# Theoretical Analysis and Experimental Verification of the Influence of Polarization on Counter-Propagating Optical Tweezers

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## Abstract

**:**

## 1. Introduction

## 2. Materials and Methods

#### 2.1. T-Matrix Method

#### 2.2. Experimental Setup

_{2}sphere S in a vacuum chamber. The pressure in the vacuum chamber was set to 10 mBar. The NA of L1 and L2 were $0.0673$. The power of both trapping beams arriving at the sphere was $100\mathrm{mW}$. After being scattered by the sphere, the forward trapping laser then transmitted through the polarized beam splitter PBS2 and was detected by a homemade QPD. The half-wave plate HWP2, mounted on a rotation stage, was used to control the polarization state of the trapping laser. There was also a polarimeter we used to measure the polarization of the two trapping beams which is not shown in the figure.

## 3. Results

#### 3.1. Numerical Analysis

_{2}sphere levitated by two $1064\mathrm{nm}$ trapping beams with an NA of $0.0673$. For optical force in the x direction and y direction to be similar in the regime of this research, we chose the x direction force to represent the radial force. Figure 2a is the radial force distribution on the radial displacement of the sphere. When the polarization of the two trapping beams is orthogonal, ${P}_{1}=0$, the radial force is proportional to the radial displacement in the range of $\sim 1\mathsf{\mu}\mathrm{m}$, which is called the linear region. The optical tweezers can be described by the harmonic oscillator in this region. As shown in the figure, the power split ratio only slightly affects the maximum radial force. Figure 2b is the axial force distribution on the axial displacement of the sphere. When the polarization of the two beams is orthogonal, the axial force distribution has a similar trend compared with the radial force distribution, though the linear region of the axial force is larger because of a smaller light field gradient, about $\sim 10\mathsf{\mu}\mathrm{m}$, as shown in the inserted Figure 2b. We can learn from the figure that the power split ratio has a significant influence on the axial force. A non-zero ${P}_{1}$ can cause interference and create multiple axial balance points, making the linear region reduce to $\sim 0.1\mathsf{\mu}\mathrm{m}$, a quantity related to the laser wavelength. With the ${P}_{1}$ increase, the force gradient, or trap stiffness, becomes larger.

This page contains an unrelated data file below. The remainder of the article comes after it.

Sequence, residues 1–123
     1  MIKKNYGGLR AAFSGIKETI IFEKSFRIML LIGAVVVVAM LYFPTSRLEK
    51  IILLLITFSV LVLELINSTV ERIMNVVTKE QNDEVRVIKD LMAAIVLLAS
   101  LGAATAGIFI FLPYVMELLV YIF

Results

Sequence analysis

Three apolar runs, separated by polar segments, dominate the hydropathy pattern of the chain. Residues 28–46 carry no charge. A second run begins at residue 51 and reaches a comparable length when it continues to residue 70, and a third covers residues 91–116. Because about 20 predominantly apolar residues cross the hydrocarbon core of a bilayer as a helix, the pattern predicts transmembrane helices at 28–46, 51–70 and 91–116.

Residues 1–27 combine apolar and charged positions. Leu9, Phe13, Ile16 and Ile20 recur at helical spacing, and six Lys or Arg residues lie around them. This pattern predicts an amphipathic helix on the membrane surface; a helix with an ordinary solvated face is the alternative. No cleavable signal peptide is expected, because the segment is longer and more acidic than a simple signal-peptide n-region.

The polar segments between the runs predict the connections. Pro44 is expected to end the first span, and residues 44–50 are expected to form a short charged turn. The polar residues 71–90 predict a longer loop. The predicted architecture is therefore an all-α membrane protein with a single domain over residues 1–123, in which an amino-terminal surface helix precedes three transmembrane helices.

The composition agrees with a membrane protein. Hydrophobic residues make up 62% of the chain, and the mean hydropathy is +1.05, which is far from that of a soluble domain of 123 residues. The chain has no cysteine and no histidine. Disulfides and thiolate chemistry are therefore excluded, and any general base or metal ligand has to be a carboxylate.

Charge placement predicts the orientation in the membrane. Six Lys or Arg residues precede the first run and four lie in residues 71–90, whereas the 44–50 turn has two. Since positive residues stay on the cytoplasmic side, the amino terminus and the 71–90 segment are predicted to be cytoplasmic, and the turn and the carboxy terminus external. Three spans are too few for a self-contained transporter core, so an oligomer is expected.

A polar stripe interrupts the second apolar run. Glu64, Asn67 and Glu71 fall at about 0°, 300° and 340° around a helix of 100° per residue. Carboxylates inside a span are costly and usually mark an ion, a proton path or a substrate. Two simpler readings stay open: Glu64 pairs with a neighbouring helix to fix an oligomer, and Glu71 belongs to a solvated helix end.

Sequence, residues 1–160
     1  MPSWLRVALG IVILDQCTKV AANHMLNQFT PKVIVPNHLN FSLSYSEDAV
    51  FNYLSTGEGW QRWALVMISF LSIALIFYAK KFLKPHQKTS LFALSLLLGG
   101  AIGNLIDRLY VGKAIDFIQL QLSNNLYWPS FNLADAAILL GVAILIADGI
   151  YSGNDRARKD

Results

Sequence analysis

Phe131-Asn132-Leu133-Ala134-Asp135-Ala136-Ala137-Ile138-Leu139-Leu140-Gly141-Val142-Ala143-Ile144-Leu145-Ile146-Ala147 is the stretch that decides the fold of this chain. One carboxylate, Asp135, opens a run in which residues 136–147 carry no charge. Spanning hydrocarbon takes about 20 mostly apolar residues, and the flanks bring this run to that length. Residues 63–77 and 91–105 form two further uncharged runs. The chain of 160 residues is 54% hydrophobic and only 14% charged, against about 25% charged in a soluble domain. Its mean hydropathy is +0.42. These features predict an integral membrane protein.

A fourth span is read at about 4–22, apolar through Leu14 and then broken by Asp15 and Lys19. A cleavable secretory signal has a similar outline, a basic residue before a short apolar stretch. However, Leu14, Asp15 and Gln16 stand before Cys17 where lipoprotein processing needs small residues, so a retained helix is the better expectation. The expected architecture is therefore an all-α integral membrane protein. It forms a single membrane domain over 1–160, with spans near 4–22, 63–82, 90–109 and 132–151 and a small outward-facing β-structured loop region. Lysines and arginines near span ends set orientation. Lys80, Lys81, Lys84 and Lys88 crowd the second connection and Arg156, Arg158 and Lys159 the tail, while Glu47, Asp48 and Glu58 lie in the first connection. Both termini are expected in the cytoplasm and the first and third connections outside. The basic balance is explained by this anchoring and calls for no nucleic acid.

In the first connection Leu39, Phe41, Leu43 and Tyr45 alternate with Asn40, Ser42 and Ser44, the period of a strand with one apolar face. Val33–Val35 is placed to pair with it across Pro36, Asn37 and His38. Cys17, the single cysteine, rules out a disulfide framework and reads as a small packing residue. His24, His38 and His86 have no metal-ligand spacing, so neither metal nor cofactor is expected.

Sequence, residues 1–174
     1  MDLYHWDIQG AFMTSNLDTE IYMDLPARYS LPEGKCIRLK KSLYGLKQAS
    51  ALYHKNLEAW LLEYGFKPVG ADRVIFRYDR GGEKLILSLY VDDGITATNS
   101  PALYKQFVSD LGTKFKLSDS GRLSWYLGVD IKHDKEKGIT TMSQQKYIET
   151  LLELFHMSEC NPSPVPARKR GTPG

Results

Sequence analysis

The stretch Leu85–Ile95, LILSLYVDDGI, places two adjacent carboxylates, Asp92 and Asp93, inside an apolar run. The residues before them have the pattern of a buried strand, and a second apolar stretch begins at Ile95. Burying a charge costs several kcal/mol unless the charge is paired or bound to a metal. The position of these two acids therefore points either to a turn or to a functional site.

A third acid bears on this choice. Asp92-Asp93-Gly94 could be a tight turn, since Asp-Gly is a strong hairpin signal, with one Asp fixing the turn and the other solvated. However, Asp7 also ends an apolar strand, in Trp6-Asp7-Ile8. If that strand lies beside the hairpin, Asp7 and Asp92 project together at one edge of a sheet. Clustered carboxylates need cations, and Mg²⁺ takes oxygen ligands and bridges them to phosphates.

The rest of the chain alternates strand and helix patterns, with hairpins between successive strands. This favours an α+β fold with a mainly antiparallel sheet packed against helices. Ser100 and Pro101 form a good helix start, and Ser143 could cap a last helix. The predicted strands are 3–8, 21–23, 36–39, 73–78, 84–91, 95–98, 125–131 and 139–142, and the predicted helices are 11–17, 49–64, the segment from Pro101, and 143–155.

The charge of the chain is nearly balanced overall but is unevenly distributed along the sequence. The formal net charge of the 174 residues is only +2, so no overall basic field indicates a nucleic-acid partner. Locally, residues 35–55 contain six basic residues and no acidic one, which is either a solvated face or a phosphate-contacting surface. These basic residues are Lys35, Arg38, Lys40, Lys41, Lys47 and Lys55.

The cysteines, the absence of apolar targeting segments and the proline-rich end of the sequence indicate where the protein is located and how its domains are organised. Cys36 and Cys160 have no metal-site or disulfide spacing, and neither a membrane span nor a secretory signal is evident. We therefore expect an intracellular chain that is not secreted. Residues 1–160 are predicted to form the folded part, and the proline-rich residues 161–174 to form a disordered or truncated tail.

#### 3.2. Experimental Verification

## 4. Discussion

## Author Contributions

## Funding

## Data Availability Statement

## Conflicts of Interest

## References

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**Figure 1.**Experimental setup. The 1064 nm trapping laser was separated by a polarized beam splitter PBS1. We named the transmitted beam the forward trapping laser, and the reflected beam the backward trapping laser, indicated by the dashed line and solid line, respectively. The power of the two beams was adjusted to the same value by rotating the half-wave plate HWP1. The two beams were then aligned and focused with the numerical aperture (NA) of 0.0673. The 10-micron-diameter SiO

_{2}sphere was trapped by the counterpropagating beams. The forward trapping laser, after interacting with the levitated sphere, was detected by the quadrant photoelectric detectors.

**Figure 2.**The optical force distribution of different power split ratios. (

**a**) The radial force distribution and (

**b**) the axial force distribution in each direction of different power split ratios. The inserted figure in (

**b**) is the zoom-out axial force distribution of ${P}_{1}=0$.

**Figure 3.**The optical force distribution of different polarization phases. (

**a**) The radial force distribution and (

**b**) the axial force distribution in each direction in respect to phase differences in the first kind. (

**c**) The radial force distribution and (

**d**) the axial force distribution in each direction in respect to phase differences in the second kind. The power split ratio is ${P}_{1}={P}_{2}=\frac{1}{2}$.

**Figure 4.**The resonant frequency or trap stiffness of different polarizations. The axial (blue) and radial (magenta) resonant frequency or trap stiffness of (

**a**) different power split ratios with ${P}_{2}=0$ and (

**b**) the first kind phase difference with ${P}_{1}={P}_{2}=\frac{1}{2}$.

**Figure 5.**The experiment result. (

**a**) The power spectrum density of the radial axis of the different polarization angles. The coupling between the radial and axial axis is enlarged to make their signal appear to be at the same spectrum. (

**b**) The axial (blue) and radial (magenta) resonant frequency or trap stiffness of different angles between the polarization of two beams. The plus and star signs are experimentally detected by the QPD; the lines are theoretical calculations based on the trapping condition.

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**MDPI and ACS Style**

Chen, M.; Li, W.; Yang, J.; Hu, M.; Xu, S.; Zhu, X.; Li, N.; Hu, H.
Theoretical Analysis and Experimental Verification of the Influence of Polarization on Counter-Propagating Optical Tweezers. *Micromachines* **2023**, *14*, 760.
https://doi.org/10.3390/mi14040760

**AMA Style**

Chen M, Li W, Yang J, Hu M, Xu S, Zhu X, Li N, Hu H.
Theoretical Analysis and Experimental Verification of the Influence of Polarization on Counter-Propagating Optical Tweezers. *Micromachines*. 2023; 14(4):760.
https://doi.org/10.3390/mi14040760

**Chicago/Turabian Style**

Chen, Ming, Wenqiang Li, Jianyu Yang, Mengzhu Hu, Shidong Xu, Xunmin Zhu, Nan Li, and Huizhu Hu.
2023. "Theoretical Analysis and Experimental Verification of the Influence of Polarization on Counter-Propagating Optical Tweezers" *Micromachines* 14, no. 4: 760.
https://doi.org/10.3390/mi14040760